A Formal Study of Power Variability Issues and Side-Channel Attacks for Nanoscale Devices

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Abstract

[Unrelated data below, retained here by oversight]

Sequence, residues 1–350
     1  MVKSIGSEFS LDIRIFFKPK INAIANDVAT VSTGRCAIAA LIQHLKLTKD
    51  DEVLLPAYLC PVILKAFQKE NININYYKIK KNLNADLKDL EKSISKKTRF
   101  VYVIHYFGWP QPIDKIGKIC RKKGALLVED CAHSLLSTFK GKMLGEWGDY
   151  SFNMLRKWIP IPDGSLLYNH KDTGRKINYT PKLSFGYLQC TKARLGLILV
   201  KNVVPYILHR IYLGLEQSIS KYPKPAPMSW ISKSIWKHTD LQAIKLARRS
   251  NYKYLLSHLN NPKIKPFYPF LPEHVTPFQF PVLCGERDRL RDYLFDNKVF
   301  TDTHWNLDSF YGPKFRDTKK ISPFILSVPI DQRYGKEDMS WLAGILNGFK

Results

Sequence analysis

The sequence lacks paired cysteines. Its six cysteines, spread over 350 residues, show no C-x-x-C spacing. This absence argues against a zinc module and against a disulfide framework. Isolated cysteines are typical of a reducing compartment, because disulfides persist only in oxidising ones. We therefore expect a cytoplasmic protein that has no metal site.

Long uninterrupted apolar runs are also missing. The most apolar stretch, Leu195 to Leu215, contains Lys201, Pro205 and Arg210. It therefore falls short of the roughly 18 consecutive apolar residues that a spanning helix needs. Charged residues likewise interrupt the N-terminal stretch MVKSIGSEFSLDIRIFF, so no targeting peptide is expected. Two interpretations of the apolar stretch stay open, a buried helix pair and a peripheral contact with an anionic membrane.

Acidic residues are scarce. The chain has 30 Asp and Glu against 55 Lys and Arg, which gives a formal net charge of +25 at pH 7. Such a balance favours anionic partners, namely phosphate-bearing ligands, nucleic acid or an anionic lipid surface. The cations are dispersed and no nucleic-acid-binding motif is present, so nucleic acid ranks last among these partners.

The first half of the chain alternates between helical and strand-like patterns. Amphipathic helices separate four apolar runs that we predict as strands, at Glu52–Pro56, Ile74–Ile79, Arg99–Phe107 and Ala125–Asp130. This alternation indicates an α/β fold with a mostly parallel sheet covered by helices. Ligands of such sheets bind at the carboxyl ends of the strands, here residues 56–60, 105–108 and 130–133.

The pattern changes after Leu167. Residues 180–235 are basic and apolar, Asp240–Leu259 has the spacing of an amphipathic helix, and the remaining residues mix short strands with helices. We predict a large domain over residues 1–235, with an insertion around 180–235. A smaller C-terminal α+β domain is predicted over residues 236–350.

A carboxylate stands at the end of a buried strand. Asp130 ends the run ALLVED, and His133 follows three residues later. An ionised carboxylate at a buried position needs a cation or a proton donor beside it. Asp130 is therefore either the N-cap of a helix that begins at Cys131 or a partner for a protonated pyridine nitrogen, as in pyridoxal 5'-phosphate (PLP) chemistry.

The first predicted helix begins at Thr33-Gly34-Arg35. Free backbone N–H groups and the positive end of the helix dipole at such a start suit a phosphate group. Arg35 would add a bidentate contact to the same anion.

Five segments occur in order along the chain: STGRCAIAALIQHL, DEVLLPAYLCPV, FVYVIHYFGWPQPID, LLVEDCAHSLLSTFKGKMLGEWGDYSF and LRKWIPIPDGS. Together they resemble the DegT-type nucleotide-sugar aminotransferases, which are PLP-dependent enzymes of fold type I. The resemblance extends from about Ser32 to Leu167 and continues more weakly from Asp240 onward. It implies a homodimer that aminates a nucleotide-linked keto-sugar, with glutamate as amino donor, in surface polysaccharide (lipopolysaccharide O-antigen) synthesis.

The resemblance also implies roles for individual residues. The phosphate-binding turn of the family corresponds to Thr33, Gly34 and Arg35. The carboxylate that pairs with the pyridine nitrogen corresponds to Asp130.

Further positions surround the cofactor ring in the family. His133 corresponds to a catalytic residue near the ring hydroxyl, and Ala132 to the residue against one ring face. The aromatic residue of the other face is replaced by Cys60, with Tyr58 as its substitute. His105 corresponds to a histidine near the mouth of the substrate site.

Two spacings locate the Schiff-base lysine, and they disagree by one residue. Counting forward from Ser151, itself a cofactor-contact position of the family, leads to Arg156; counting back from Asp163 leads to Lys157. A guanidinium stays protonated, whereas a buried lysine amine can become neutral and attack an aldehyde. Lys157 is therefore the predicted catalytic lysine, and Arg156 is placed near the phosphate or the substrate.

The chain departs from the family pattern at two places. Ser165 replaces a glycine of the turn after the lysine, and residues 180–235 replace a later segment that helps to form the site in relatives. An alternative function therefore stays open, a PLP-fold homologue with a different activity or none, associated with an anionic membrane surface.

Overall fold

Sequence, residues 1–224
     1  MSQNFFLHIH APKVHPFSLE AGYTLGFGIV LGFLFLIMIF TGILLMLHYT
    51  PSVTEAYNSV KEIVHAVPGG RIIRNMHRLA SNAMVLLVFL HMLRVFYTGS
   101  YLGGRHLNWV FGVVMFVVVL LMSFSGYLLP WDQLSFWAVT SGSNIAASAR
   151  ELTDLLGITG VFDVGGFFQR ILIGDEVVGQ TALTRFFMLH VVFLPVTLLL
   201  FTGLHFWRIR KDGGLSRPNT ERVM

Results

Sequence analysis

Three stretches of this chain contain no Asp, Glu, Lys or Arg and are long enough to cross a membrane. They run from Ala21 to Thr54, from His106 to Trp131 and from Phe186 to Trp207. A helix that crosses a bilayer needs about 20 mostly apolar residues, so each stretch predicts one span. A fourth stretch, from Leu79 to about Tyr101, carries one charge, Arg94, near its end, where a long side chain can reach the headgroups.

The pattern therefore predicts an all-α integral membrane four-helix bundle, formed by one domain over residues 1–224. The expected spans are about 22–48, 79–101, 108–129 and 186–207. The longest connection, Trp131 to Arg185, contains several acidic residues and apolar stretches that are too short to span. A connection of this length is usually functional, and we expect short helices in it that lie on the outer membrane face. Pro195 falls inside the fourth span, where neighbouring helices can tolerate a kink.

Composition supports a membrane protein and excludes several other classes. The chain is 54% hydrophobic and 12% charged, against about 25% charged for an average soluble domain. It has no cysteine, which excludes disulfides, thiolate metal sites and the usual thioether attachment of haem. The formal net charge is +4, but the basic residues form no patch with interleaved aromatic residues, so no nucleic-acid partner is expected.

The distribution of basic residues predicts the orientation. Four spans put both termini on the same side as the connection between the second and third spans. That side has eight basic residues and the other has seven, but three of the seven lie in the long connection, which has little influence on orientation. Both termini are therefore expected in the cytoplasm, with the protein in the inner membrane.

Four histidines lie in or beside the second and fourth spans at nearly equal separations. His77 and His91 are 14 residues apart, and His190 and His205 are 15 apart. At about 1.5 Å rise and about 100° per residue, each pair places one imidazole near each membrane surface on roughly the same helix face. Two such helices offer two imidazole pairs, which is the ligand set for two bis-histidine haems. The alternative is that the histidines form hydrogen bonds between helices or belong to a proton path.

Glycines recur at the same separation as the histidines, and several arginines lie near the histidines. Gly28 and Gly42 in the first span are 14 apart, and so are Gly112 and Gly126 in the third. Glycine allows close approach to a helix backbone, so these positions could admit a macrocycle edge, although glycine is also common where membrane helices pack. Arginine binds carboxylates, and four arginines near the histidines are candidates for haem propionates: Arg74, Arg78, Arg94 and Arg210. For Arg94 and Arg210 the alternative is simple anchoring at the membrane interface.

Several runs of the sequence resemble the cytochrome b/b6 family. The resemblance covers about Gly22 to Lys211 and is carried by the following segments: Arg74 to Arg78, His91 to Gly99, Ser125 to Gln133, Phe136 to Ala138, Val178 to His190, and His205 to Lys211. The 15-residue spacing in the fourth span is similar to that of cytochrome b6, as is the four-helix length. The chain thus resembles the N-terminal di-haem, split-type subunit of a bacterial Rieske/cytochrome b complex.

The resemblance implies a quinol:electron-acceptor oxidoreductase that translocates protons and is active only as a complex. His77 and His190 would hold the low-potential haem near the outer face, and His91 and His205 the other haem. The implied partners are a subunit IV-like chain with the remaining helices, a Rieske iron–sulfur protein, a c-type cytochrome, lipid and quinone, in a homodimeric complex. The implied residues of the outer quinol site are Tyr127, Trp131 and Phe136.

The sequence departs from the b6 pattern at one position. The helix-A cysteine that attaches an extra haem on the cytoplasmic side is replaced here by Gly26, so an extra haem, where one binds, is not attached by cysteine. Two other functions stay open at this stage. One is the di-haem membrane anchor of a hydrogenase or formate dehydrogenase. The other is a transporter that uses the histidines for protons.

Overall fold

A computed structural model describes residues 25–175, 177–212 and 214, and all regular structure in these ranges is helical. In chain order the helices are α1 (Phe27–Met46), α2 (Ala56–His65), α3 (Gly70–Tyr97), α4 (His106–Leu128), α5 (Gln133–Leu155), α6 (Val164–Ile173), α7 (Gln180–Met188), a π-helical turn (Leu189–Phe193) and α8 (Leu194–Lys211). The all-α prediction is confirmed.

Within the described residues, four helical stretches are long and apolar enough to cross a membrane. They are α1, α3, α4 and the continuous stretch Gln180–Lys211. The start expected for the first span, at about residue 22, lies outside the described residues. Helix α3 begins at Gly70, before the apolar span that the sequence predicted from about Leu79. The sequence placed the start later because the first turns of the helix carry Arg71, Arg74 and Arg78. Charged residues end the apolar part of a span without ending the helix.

Variability is a central issue in deep submicron technologies, in which it becomes increasingly difficult to produce two chips with the same behavior. While the impact of variability is well understood from the microelectronic point of view, very few works investigated its significance for cryptographic implementations. This is an important concern as 65-nanometer and smaller technologies are soon going to equip an increasing number of security-enabled devices. Based on measurements performed on 20 prototype chips of an AES S-box, this paper provides the first comprehensive treatment of variability issues for side-channel attacks. We show that technology scaling implies important changes in terms of physical security. First, common leakage models (e.g. based on the Hamming weight of the manipulated data) are no longer valid as the size of transistors shrinks, even for standard CMOS circuits. This impacts both the evaluation of hardware countermeasures and formal works assuming that independent computations lead to independent leakage. Second, we discuss the consequences of variability for profiled side-channel attacks. We study the extend to which a leakage model that is carefully profiled for one device can lead to successful attacks against another device. We also define the perceived information to quantify this context, which generalizes the notion of mutual information with possibly degraded leakage models. Our results exhibit that existing side-channel attacks are not perfectly suited to this new context. They constitute an important step in better understanding the challenges raised by future technologies for the theory and practice of leakage resilient cryptography.